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Many years and colonies are those that date back to give life to pisco, extracted from various grape strains, including aromatic and non-aromatic, being until now a perfect drink for cocktails for its versatility in the mix and favorited worldwide.
In the year of 1532, with the arrival of the Spaniards in Andean territory, which it was not only a variety of culture but, from Spain, the tradition of growing grapes became popular in the area of Peru due to the need of its use by the churches of the new colony.
It is not known exactly where the wine production began, but the most popular theory indicates that in the year of 1563 in the Valley of Ica vineyard crops were grown.
On the other hand Pisco, which is the schnapps grape, has several arguments about its origin; however, it is mentioned the year of 1572, Álvaro De Ponce founded the town of Santa María Magdalena in the Pisco Valley, later called Pisco , where eventually the largest quantity of this drink would be produced and marketed.
The valley of Pisco, is the place of the most production for this liquor, and it is believed that mass cultivation occurred at the beginning of the 16th century, when the grape musts were distilled and turned into schnapps, the same was stored in clay jars called “pisco”.
After all this process, Pisco spread to different parts of the world, becoming a way of payment in various deals that were made at that time; and its mass production is due to the Jesuits who produced it in Lima, Arequipa, Cusco, Ayacucho and Potosí in Upper Peru (present-day Bolivia).
In spite of all these advantages that the drink possessed, they were replaced by others such as whiskey, diminishing the crops during the 20th century for some decades; until 2003 when the Peruvian government encouraged the production of pisco with a special regulation, which now places Peru as a promoter of this liquor and endemic of the country.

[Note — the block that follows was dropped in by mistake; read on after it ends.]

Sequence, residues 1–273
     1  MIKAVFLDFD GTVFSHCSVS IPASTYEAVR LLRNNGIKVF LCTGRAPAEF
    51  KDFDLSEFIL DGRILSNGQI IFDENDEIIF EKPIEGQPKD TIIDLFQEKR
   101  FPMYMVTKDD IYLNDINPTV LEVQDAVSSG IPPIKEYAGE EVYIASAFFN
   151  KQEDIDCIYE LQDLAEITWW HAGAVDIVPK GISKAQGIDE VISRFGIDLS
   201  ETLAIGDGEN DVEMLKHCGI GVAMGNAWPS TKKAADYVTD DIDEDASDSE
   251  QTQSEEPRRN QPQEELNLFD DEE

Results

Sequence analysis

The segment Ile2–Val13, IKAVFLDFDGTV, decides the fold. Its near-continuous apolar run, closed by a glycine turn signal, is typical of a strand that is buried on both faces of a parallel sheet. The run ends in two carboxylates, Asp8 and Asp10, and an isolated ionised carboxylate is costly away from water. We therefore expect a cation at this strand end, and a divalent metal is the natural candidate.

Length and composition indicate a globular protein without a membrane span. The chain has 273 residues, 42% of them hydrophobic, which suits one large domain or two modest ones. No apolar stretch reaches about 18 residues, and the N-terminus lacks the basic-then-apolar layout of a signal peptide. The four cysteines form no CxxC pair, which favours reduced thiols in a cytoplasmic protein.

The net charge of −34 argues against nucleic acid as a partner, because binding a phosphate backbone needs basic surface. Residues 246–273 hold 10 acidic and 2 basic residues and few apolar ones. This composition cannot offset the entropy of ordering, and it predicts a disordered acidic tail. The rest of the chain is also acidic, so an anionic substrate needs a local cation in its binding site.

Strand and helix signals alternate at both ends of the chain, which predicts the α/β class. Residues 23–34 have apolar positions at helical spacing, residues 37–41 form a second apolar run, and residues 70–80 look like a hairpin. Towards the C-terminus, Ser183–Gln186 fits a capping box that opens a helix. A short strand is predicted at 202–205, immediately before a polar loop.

As expected, the variety is what makes this drink special, deriving from aromatic grapes: Italy, albilla, muscatel, torontel; and the non-aromatic ones: quebranta, negra criolla, mollar, ulvina; resulting in an exquisite unique flavor, represented in its three varieties:
Pure Pisco – of greater consumption, is extracted from a single variety of grapes, characterized by giving a better purpose to the taste than to the smell, being tasted fully
Pisco green must – the most expensive and thin, gentle and full-bodied, processed must with little sugar content, that is, before its fermentation process
Pisco acholado – comes from several mixtures of grapes, its name, from the colloquial term “cholo” denotes the mixture of bloods, this liquor combines the smell of aromatic with the flavors of cigars
Definitely a drink that is worth trying, and what better place than Peru, cradle of its origin, all the history you should know, and best of all, in a place that has much to offer. Visit the Andean country, and you also find this and much more in Pisac:
This article that an official source for Kawsaypaq